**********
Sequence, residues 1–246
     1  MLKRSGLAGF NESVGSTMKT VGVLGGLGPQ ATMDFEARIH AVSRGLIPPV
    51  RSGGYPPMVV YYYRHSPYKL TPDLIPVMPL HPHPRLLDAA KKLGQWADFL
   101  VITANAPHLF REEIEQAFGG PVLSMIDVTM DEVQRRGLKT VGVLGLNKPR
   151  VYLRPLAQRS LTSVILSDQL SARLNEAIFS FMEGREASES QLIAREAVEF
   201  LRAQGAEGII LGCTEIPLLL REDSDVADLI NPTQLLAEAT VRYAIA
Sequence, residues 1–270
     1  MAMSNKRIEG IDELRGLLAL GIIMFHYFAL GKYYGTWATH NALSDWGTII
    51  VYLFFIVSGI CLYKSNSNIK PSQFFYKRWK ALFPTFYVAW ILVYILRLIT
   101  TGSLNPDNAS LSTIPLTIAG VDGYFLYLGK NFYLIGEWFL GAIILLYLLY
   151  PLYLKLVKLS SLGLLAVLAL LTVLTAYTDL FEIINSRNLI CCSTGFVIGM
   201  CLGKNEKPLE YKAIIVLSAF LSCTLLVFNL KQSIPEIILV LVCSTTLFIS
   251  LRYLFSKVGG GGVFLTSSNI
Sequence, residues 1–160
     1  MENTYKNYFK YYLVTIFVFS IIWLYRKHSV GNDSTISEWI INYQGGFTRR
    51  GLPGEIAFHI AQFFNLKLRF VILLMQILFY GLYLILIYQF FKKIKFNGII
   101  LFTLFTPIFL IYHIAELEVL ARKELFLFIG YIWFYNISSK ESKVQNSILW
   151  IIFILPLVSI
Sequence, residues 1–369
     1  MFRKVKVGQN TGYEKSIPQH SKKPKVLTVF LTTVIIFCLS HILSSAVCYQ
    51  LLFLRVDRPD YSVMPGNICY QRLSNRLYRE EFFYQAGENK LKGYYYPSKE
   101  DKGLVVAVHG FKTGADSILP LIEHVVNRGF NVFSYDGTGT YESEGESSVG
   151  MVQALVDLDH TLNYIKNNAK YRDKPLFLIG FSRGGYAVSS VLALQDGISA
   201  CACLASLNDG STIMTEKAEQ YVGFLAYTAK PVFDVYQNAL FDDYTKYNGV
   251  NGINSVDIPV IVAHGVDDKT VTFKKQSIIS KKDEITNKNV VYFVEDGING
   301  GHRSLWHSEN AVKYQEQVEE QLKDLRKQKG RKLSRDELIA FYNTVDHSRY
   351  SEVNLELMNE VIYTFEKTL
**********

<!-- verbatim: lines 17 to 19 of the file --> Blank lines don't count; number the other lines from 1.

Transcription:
   101  LFTLFTPIFL IYHIAELEVL ARKELFLFIG YIWFYNISSK ESKVQNSILW
   151  IIFILPLVSI
Sequence, residues 1–369